Schuermans maesschalck

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Schuermans maesschalck

  1. 1. Fear of crime as a political weapon: Explaining the rise ofextreme-right politics in the Flemish countryside DRAFT – please do not quote without permissionNICK SCHUERMANS, FILIP DE MAESSCHALCKAfdeling Sociale en Economische GeografieDepartement Aard- en OmgevingswetenschappenKatholieke Universiteit LeuvenCelestijnenlaan 200E3001 HeverleeBelgiumNick.Schuermans@ees.kuleuven.beFilip.DeMaesschalck@ees.kuleuven.be 1
  2. 2. AbstractOur qualitative focus group research on feelings of insecurity in rural andsuburban Flanders demonstrates how fear of crime impacts on the everydaylife of middle class ‘white’ Flemings. The study reveals a widespread fear ofcities and what we call ‘islands of otherness’ outside these cities, while therest of the countryside is considered to be much safer. This geography of fearhas its origins in the respondents’ fear of foreigners and the metaphoricalracialization of the Flemish landscape in ‘multicultural’ cities, ‘islands ofotherness’ and ‘white’ villages. In this article, we focus on the dialecticsbetween this spatialized culture of fear, ethnocentrism and the rise of theVlaams Belang in the Flemish countryside. We argue that a rural or suburbanvote for the extreme-right wing party is an ethnocentric protest vote againstthe racialization and the insecurity of the central cities and against theimagined infection of the ‘white’ and ‘safe’ countryside with urban diseaseslike crime and foreigners. As such, the article shows how central the notionsof fear of crime, race and ethnocentrism are in the social, cultural, emotionaland political construction of rural and suburban Flanders. 2
  3. 3. IntroductionReviews of the literature on fear of crime conclude that there is a manifestlack of agreement on its underlying causes (Hale, 1996). Most criminologists,for example, take the objectively quantifiable risk to become a victim of crimeas their starting point, while urban planners generally consider physical orsocial characteristics of neighborhoods (Pain, 2000). Explanations based onthe poor design of public space, crime statistics or community deteriorationhave recently been criticized, however, because they ‘tend towards theindividualistic and deterministic and miss discussions about the socialstructures and power relations which surround offenders, victims and thosewho fear crime’ (Shirlow and Pain, 2003: 20). A growing body of literaturetherefore suggests that the social, cultural and emotional aspects ofgeographical experience should be more central to research on fear of crime(Pain, 2000). This implies attention for the way social power relationsinterweave with identity questions to dominate the use and misuse of space(Little, Panelli and Kraack, 2005). Koskela (1999), for example, did notattribute the fear of her female respondents in Helsinki to crime waves, badstreet lighting or individualism, but to male domination in the city and the wayit affects women’s sense of vulnerability to sexual harassment, violent attacksand criminal offences in general.Now that the complexity of fear of crime has become recognized, standardresearch methods are reconsidered as well. Quantitative surveys withquestions such as ‘How safe do you feel or would you feel being out alone in 3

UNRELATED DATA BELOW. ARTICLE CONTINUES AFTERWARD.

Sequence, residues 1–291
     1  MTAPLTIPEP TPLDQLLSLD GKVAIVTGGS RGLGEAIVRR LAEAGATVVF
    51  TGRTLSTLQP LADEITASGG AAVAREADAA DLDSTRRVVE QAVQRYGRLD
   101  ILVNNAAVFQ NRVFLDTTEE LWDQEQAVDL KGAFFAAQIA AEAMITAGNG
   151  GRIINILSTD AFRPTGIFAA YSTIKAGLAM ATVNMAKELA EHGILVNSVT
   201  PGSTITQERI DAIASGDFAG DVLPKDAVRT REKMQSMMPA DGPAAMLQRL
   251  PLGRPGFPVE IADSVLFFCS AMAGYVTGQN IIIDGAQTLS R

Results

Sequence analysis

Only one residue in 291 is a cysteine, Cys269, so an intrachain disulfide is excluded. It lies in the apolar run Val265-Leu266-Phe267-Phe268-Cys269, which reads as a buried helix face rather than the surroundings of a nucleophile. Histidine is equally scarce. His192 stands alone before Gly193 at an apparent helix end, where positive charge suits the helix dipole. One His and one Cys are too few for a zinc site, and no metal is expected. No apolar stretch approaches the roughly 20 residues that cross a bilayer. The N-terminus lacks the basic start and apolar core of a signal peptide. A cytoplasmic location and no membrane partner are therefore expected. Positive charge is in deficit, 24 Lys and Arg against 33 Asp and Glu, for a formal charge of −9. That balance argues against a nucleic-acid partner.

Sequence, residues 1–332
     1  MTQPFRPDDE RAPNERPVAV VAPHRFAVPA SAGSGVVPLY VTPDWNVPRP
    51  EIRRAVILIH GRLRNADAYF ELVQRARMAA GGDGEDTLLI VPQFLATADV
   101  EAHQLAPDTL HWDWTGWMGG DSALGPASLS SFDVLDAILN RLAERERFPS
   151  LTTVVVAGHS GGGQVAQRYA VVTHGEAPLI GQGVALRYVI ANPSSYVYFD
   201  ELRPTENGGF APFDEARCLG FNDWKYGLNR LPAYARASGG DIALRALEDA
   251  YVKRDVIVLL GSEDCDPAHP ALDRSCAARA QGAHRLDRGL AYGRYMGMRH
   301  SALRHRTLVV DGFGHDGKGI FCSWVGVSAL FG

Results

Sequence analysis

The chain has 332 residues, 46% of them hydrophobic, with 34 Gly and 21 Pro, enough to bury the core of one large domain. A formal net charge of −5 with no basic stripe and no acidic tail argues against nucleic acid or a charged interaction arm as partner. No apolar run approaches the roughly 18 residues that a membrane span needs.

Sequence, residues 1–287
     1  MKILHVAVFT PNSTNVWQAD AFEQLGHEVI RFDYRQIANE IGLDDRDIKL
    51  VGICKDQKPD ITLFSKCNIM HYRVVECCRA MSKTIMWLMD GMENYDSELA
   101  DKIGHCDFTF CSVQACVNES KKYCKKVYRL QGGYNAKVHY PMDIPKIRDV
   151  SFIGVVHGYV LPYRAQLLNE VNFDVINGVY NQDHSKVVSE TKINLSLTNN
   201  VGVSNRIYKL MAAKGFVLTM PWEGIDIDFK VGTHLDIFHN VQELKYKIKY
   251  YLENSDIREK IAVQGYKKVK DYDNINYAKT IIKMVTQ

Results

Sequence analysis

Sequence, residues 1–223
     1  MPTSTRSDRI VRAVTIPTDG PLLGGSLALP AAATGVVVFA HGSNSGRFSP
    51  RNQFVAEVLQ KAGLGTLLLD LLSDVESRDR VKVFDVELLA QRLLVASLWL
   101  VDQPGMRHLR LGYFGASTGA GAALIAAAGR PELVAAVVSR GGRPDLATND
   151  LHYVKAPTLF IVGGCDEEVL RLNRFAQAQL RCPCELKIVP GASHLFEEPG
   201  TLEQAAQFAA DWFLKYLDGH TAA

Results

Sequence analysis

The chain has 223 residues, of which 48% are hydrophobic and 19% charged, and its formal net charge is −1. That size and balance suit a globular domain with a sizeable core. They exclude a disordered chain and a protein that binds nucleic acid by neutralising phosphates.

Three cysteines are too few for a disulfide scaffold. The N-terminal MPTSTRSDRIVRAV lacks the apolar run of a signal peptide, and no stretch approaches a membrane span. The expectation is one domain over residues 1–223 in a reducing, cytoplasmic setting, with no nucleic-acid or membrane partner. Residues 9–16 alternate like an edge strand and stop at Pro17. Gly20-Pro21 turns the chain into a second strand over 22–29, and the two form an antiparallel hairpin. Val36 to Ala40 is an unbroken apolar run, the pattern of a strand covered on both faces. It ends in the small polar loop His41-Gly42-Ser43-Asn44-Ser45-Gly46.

4. 4. your neighborhood at night?’ have been criticized because they mix actualwith hypothetical assessments and because they only consider fear in specificcircumstances, namely in the neighbourhood of the respondent, withoutcompany and at night (Hale, 1996). Moreover, and more importantly, theytreat fear of crime as a concrete attribute of individuals rather than aproblematic social construction. Consequently, social and culturalgeographers have turned to qualitative research methods (Pain, 1997; Day,1999).In this article, we seek to further this qualitative research through a threefoldcritique of the framework outlined above. First, we must acknowledge thatgeographers have not paid enough attention to fear of crime in rural andsuburban environments (Pain, 2000; Panelli, Little and Kraack, 2004).Because the simplistic assumption that people feel safe outside the big citieshas not been exposed to much critical examination, we will discuss the resultsof a focus group research on feelings of insecurity in rural and suburbanFlanders. The study will demonstrate that a lot of ‘white’ middle classFlemings are not only afraid in disadvantaged urban neighborhoods, but alsoin a limited number of similar places in their own villages.Secondly, we would like to argue that a strong focus on social exclusion hasdiverted attention from the fact that fear of crime is often politically constructedand used in the exercise of political power (Shirlow and Pain, 2003; Robin,2004; Pain and Smith, 2008). Because the manipulation of fear of crime as apolitical weapon remains under-researched, even though it is generally 4